BURNETT: Thank you very much, Nic.

And I want to bring in now Vladimir Ashurkov, a close friend of Navalny's who was taken over as anti-corruption organization. So Vladimir,. you saw your friend there. I just wanted to give you a chance, first of all, just to react to what you saw. He certainly seems very frail and very emaciated, that was the word Nic used and it seems fair. That has to be very hard to see for you.

VLADIMIR ASHURKOV, CLOSE FRIEND TO ALEXEY NAVALNY: Indeed, it is. And the dramatic sentencing of today was not unexpected, we understood that Alexey will be in prison until Putin is in power the day that he was incarcerated a little bit over a year ago. He is indeed frail, but he sends his powerful message from behind the bars and from the court bench and it's an inspiration for our team and for all Russian people.


BURNETT: Vladimir, he was sentenced to nine more years in maximum security prison, penal colony, for they say stealing from the organization that you actually now run. So Putin spokesman tells CNN that no one is afraid of him, I'm quoting Peskov talking about Navalny, "No one is afraid of him. If a person is a criminal, he should be in prison." Again, they're saying he stole from the organization you now run. That

is why he is now going to a penal colony prison maximum security for nine years. What do you say to that?

ASHURKOV: Anti-Corruption Foundation, the Russian NGO that was the center of our political activity was accepting donations from Russian citizens. And at no point Alexey was receiving ether salary or any other payouts from the visitation. The trial was really a sham trial and the charges were trumped up and this is not the first example of political persecution of Alexey Navalny using the law enforcement.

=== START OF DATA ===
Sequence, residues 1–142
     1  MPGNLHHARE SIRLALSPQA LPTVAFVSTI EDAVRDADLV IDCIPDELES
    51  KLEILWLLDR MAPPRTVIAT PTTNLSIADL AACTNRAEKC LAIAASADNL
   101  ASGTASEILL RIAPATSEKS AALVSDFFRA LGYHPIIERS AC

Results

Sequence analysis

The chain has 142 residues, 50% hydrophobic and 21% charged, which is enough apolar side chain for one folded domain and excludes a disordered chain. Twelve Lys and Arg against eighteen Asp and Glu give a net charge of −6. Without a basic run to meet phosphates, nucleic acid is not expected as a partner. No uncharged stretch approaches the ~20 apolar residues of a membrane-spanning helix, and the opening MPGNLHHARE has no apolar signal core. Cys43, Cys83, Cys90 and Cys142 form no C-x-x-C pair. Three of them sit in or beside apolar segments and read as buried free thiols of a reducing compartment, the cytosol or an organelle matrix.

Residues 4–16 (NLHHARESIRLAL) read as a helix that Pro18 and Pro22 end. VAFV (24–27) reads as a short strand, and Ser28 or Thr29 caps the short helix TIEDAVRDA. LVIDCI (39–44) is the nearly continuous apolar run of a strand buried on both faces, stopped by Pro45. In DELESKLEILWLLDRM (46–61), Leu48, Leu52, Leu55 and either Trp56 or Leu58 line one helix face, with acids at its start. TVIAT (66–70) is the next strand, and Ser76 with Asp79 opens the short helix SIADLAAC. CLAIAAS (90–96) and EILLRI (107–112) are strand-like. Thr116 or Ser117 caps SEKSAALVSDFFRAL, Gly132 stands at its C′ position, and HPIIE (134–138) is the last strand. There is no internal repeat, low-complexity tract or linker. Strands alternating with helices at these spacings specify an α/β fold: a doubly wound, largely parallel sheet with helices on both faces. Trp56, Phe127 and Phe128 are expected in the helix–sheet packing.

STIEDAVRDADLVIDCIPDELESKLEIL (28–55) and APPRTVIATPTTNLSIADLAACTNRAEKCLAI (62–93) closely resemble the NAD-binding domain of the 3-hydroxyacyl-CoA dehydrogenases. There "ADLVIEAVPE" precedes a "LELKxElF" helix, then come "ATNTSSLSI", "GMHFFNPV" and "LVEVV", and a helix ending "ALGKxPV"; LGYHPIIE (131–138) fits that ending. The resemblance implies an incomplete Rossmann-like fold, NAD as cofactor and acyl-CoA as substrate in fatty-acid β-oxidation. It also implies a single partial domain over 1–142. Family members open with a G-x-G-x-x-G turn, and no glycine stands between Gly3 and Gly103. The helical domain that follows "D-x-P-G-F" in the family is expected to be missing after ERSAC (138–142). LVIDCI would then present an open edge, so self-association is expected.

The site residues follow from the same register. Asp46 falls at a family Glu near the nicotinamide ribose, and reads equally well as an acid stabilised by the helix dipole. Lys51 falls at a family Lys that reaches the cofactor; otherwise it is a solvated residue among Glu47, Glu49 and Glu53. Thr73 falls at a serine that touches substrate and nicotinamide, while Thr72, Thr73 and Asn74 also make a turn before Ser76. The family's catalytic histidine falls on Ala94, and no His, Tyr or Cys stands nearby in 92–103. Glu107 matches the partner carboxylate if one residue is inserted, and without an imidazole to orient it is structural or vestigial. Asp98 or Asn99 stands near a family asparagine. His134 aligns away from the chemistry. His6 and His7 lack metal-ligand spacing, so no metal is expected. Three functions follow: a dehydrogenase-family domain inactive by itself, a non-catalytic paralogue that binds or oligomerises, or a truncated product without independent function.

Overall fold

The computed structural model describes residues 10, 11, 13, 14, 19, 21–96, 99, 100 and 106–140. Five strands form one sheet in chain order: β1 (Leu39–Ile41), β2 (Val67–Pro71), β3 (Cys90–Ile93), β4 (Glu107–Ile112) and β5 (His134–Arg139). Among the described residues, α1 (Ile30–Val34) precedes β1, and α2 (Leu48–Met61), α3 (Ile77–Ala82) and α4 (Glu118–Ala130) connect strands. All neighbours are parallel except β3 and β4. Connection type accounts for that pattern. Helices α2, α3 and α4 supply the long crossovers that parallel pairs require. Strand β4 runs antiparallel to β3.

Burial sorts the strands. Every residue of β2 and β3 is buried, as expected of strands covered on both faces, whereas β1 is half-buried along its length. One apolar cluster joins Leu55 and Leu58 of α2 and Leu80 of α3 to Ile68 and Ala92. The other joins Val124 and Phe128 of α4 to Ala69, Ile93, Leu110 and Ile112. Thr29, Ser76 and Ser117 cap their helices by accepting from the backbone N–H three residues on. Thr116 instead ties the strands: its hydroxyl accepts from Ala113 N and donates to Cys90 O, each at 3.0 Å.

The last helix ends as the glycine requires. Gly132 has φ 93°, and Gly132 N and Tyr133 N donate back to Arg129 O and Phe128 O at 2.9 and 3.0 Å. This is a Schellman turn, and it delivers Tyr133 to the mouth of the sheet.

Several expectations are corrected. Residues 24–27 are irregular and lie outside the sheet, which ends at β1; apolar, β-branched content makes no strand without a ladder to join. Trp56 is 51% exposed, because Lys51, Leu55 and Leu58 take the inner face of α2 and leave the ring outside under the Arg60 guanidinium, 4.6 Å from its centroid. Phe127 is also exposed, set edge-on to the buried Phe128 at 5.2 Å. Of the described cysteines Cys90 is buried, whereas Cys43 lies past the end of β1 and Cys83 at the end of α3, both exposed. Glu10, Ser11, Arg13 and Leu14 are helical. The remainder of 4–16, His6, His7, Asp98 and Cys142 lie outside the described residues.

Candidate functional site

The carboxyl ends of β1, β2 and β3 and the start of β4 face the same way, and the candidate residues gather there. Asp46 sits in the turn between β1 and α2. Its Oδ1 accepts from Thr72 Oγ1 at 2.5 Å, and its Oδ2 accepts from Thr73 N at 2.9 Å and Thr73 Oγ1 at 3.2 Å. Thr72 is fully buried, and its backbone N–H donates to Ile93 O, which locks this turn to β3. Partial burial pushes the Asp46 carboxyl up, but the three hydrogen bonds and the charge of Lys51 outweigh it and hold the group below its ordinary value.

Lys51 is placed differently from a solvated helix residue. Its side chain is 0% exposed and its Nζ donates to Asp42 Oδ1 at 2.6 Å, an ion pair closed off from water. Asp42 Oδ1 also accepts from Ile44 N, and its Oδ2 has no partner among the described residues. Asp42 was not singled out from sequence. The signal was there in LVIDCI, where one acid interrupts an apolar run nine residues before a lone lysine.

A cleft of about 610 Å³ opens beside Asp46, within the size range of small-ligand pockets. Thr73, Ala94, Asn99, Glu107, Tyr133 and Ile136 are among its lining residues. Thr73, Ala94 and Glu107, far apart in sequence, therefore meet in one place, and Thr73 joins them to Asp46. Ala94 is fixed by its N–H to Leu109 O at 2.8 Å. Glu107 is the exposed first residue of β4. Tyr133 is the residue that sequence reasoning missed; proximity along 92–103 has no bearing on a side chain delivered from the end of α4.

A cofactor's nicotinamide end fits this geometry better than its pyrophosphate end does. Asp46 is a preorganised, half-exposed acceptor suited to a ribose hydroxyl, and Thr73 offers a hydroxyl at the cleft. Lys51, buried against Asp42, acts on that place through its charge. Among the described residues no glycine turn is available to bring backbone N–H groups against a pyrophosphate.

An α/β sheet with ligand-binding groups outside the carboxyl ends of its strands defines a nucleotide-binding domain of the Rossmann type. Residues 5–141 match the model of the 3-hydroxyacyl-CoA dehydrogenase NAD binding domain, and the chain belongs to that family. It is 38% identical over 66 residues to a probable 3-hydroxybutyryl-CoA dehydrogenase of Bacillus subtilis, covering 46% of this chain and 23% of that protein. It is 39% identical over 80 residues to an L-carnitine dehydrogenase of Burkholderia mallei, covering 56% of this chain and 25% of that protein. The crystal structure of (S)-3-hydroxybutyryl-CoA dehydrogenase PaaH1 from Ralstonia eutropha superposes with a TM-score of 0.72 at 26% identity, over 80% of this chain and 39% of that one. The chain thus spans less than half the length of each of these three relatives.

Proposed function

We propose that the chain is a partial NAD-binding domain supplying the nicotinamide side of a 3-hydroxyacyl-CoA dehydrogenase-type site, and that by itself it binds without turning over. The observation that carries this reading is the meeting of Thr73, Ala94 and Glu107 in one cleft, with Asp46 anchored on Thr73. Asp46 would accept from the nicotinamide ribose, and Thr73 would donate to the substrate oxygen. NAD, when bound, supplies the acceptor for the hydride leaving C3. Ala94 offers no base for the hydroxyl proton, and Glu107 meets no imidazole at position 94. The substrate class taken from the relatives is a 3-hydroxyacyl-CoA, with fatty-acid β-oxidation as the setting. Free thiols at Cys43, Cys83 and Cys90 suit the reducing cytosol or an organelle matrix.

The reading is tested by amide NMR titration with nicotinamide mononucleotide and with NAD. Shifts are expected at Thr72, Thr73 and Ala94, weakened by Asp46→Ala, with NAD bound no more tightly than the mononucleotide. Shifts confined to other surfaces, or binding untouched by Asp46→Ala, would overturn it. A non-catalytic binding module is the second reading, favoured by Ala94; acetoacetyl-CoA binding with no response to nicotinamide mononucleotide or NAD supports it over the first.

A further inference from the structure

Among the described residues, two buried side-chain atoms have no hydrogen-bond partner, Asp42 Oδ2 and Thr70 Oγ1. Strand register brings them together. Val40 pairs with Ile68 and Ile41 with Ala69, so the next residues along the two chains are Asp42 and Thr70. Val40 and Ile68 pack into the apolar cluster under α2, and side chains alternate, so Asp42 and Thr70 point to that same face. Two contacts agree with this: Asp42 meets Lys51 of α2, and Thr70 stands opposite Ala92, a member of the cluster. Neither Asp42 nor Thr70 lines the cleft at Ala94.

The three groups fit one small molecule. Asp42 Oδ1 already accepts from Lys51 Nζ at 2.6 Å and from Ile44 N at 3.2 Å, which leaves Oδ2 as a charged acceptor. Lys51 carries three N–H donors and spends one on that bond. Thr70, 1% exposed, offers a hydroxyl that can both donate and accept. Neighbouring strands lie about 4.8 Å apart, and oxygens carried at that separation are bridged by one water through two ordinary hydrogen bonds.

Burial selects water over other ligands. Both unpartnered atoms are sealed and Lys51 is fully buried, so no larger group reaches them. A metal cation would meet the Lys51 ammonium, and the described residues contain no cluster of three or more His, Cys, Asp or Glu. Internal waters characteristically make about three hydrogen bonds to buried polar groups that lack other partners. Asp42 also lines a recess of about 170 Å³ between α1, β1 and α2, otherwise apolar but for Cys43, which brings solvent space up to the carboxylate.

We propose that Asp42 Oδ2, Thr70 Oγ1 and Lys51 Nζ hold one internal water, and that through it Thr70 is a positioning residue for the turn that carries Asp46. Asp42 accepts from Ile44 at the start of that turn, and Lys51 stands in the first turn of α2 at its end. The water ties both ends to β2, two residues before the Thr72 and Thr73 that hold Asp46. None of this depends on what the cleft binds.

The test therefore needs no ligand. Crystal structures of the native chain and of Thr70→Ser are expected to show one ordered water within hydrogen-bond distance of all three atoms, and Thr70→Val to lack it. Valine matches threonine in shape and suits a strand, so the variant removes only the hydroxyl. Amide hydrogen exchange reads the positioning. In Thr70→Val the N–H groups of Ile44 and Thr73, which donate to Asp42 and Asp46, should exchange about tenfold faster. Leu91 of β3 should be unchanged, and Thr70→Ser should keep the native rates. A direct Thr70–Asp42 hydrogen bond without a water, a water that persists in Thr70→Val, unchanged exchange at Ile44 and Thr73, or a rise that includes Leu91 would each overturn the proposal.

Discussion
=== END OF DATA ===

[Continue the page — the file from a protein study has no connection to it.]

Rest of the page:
His brother served three and a half years in Russian prison and his sentencing before that once he got the sentence was also based on falsified accusation of corruption. And corruption, ironically, was something that Navalny focused on as something that Russian system of government is based on.


BURNETT: He's done incredible work on his research on Putin's lifestyle and where he lives and all of that has been simply incredible investigative work.

Vladimir, I spoke yesterday with the Russian actress, Masha Mashkova. She is the daughter of, obviously, the very popular Russian actor Vladimir Mashkov who has appeared in many blockbuster movies, including along with Tom Cruise. Mashkov spoke last week at Putin's propaganda rally, I know you're well aware of that. And his daughter has chosen to speak out even though she loves her father to say he is wrong and that the war is wrong. And so she did this and she told me her father, she talked to her father about it and here's what he said to her.